Reflections on the 2008 Election

The following post is from Christopher A. Cooper and H. Gibbs Knotts, co-editors of The New Politics of North Carolina. Cooper is MPA director and assistant professor of political science and public affairs at Western Carolina University. Knotts is department head and associate professor of political science and public affairs at Western Carolina University.

Every four years journalists, political commentators, and those interested in politics tend to use phrases like “historic election.” In fact, a Google search of the terms “Obama historic election” garners over 1,200,000 hits. While the description is often nothing more than hyperbole, this year it appears to be true. We have elected the first African American president in the history of our country. This occurred just 60 years after Senator Strom Thurmond (then a relatively young man) famously declared that “there’s not enough troops in the army to force the Southern people to break down segregation and admit the nigra race into our theatres, into our swimming pools, into our homes, and into our churches.” Given this context, it is certainly no exaggeration to call this election historic. The pundits seem to have gotten that much correct. Journalists and politicians are much more adroit with the written and spoken word than we, so although we acknowledge the importance of the election, that is not what we wanted to blog about. Instead, we wanted to examine hard data to determine whether some of the major storylines around this election were, in fact, true.

Assessing the Big Stories

Big Story #1: Don’t trust the polls this time. There was a lot of talk about whether we could trust the polls. Some bloggers and journalists discussed the possibility that white people might claim they would vote for a black candidate, but when voting in anonymity, would vote for a white candidate. Others suggested that the increase in cell-phone usage might lead the polls to underestimate Obama’s vote. A third storyline about polling suggested that the massive expected turnout would render the “likely voter” screens useless. To determine whether this was the case, we plotted the predicted results from with the actual outcome by state. The resulting picture (below) suggests that we shouldn’t fire the pollsters just yet. In fact, the pollsters got almost every state correct.

Big Story #2: The South is back in play. This was certainly a good year for Democrats across the country and in the South, as Obama won a triad of southern states (VA, FL, and NC) that have not gone for a Democratic candidate in quite some time. Add Kay Hagan taking over Liddy Dole’s Senate seat and it is easy to see why southern Democrats might be in a particularly good mood. Although we agree that this was a banner year for southern Democrats, we also believe it might be a bit too early to use the term realignment.  We believe that any analysis of the 2008 election has to consider the economic conditions, lingering war in Iraq, and President Bush’s unpopularity.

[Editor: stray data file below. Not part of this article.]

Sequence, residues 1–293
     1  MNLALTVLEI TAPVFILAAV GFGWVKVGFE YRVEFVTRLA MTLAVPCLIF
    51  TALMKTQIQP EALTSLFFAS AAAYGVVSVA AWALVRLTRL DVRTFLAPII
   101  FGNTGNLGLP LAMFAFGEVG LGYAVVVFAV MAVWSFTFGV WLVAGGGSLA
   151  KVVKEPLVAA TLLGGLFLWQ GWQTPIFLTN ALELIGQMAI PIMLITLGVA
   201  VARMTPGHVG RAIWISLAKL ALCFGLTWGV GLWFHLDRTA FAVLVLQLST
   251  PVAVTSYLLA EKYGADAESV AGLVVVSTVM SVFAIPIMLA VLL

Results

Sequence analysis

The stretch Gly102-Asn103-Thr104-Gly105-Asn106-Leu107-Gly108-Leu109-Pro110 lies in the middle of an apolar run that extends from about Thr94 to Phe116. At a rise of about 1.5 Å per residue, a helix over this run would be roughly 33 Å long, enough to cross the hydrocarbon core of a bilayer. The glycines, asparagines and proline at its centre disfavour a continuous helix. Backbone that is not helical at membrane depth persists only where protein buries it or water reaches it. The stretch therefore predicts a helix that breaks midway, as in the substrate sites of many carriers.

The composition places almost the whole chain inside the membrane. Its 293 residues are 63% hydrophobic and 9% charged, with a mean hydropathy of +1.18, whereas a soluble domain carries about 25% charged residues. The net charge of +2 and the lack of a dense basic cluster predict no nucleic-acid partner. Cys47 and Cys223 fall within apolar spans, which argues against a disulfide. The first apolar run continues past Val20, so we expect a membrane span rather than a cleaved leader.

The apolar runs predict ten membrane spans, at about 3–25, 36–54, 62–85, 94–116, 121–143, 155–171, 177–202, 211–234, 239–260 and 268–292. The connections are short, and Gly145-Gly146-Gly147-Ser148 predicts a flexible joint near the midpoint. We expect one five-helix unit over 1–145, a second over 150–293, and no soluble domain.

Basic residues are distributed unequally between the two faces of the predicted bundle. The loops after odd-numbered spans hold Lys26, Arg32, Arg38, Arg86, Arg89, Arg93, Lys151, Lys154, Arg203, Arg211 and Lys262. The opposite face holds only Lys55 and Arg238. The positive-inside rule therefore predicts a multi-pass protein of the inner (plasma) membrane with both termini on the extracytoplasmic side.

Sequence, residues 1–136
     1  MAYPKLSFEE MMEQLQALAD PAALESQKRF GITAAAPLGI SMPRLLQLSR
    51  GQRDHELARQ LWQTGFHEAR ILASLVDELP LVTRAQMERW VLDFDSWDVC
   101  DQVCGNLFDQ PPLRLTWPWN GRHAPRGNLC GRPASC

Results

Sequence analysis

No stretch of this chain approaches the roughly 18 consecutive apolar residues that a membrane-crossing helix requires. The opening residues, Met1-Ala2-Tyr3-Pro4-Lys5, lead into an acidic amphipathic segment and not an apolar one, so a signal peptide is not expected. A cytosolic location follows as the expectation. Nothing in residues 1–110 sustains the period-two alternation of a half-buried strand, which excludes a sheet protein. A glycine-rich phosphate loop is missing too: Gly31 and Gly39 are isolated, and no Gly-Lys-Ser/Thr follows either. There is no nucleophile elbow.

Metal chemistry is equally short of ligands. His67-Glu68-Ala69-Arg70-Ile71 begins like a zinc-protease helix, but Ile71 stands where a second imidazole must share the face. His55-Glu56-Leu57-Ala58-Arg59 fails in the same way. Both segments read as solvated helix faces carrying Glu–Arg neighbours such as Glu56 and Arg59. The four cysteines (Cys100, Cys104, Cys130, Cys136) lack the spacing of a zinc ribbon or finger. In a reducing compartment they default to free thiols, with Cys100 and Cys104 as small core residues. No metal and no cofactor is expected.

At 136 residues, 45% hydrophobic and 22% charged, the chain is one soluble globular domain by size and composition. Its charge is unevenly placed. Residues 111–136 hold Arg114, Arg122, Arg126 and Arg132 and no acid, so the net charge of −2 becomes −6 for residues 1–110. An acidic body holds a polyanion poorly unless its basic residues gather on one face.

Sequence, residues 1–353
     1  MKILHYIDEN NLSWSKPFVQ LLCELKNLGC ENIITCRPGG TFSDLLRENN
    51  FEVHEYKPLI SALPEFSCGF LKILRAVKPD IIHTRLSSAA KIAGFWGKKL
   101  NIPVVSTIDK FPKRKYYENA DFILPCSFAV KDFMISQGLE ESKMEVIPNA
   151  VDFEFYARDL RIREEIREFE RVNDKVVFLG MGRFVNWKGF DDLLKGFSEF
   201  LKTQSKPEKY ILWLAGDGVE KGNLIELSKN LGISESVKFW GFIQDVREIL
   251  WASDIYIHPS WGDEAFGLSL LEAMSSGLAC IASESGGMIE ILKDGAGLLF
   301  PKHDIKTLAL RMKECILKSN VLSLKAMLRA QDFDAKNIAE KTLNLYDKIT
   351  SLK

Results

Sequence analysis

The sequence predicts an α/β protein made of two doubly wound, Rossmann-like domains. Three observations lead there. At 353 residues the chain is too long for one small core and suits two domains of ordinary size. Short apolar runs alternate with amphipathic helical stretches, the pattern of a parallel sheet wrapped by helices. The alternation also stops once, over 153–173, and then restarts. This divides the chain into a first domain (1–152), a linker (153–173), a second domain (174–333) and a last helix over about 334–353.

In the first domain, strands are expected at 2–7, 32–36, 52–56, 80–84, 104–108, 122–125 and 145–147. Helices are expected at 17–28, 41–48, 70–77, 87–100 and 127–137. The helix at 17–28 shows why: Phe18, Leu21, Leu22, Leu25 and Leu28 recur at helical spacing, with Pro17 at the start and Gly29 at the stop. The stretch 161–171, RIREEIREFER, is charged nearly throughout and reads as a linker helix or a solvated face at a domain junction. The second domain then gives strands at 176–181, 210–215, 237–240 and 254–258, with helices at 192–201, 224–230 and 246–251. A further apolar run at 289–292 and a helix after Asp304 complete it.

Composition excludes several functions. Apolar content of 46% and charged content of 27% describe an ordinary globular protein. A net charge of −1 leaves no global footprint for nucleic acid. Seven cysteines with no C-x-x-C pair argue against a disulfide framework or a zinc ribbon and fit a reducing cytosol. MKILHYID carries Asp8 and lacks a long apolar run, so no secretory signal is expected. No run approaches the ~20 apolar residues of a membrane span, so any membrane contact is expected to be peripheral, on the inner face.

We think a lot about the South and frequently ask the question “Just where is the modern South?” Although it is convenient to think about state boundaries, there are some interesting changes occurring within states. As any frequent visitor to the Research Triangle in North Carolina can attest, this part of the state doesn’t feel much like the rest of the South. The Research Triangle is dominated by highly educated professors and researchers, many of whom hail from all over the country, and even the world. As a result, we are not sure that the Research Triangle qualifies as the South anymore. So, given this, what did the “real North Carolina” do in this election? To find out, we subtracted the votes in Orange, Durham, and Wake Counties from the North Carolina totals. Without these counties, McCain wins the state 52% to 48%. Obviously the closeness of the election means that just a few counties can change the results, but we were struck by how differently the results looked outside of these three counties. Of course parts of Virginia and Florida fall outside of many traditionalists’ definitions of the South as well.

Big Story #3: Turnout was extraordinarily high. For this storyline, we wanted to consult Michael McDonald, a voter turnout expert at George Mason University. For the past few years Professor McDonald has been keeping some of the most accurate data available on turnout. His data suggest that turnout was indeed high, but perhaps not as high as many had hoped. Further, youth turnout was up, but the real story was not as much about the quantity of the vote, but rather the degree to which Obama dominated amongst people below the age of 30. For more about the characteristics of the youth vote among Tar Heel college students, consult our recent op-ed at

Chris Cooper and Gibbs Knotts
Western Carolina University